Path of Blood Movie Review: Harrowing and Uncomfortable

When Path of Blood first opens, there is a video of a group of young jihadists laughing before they are about to carry on a planned mission. Then, there is a freeze-frame shot of one of the jihadists before the film’s title card is revealed. That one shot illustrates the documentary’s main theme. The main objective of Path of Blood is to show that war is a winless battle and it shows how easily youths can get swept into the battle.

The film is mainly made up of archival footage shot by Al-Qaeda terrorists and shows their plot to overthrow the Saudi Arabia government which ran from 2003 to 2009, letting the footage showcase the main narrative. There are no interviews and there’s no commentary throughout. Just pure raw footage. As a result, it manages to be a slight reflection of the documentary feel of films like Zero Dark Thirty and Detroit which were written by executive producer Mark Boal. Of course, the only difference between Path Of Blood and the films that Boal wrote is that Zero Dark Thirty and Detroit were dramatized depictions of true stories. However, they still felt as raw and real as this documentary.

“Raw” is probably the best word that can be used to describe Path of Blood. Some of the footage of dead bodies that is shown is quite gruesome. Also, the ominous score composed by Chad Hobson is completely in tune with the film’s harrowing feel. There is even a video of young children playing with guns being shown to demonstrate how the al-Qaeda organization is slowly reaching out to even younger generations. The giggling young men in the introductory video are shown to be quite impressionable. But this terrorist group reaching out to young kids is a demonstration of their manipulative nature.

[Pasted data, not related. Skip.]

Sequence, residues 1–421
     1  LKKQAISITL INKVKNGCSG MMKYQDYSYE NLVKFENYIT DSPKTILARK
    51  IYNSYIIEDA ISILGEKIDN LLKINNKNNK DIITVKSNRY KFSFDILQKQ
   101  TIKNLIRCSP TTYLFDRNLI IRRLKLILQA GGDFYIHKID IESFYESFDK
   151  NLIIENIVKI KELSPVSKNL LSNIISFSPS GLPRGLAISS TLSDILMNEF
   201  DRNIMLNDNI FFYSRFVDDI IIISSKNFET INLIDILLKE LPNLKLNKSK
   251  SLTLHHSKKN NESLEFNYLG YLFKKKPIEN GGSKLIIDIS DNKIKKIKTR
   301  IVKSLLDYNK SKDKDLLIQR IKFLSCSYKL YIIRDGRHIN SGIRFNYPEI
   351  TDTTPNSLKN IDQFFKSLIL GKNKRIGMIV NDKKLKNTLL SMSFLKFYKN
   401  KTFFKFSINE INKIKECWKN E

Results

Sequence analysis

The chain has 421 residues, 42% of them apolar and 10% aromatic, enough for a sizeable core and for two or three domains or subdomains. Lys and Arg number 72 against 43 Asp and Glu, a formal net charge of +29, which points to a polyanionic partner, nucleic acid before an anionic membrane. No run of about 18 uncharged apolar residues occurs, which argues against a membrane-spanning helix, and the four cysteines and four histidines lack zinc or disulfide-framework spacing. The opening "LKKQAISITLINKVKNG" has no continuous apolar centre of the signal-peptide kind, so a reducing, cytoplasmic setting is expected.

Now, the fact that Path of Blood gives us a deep look into Al-Qaeda will make some audience members uncomfortable and understandably so. A documentary that looks into the point of view of an organization that is an enemy of ours is bound to make certain people steer clear. The footage of carnage being shown will make some viewers uncomfortable as well.

As a result, it is difficult for me to recommend Path of Blood. It does use the rare documentary technique of only letting footage demonstrate the subject at hand and it features a terrific musical score. At the same time, it’s had to say “Run out and see it!” because it won’t be for everyone. That being said, if you do choose to see it, be prepared for a harrowing and difficult film watching experience.

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Matthew St.Clair

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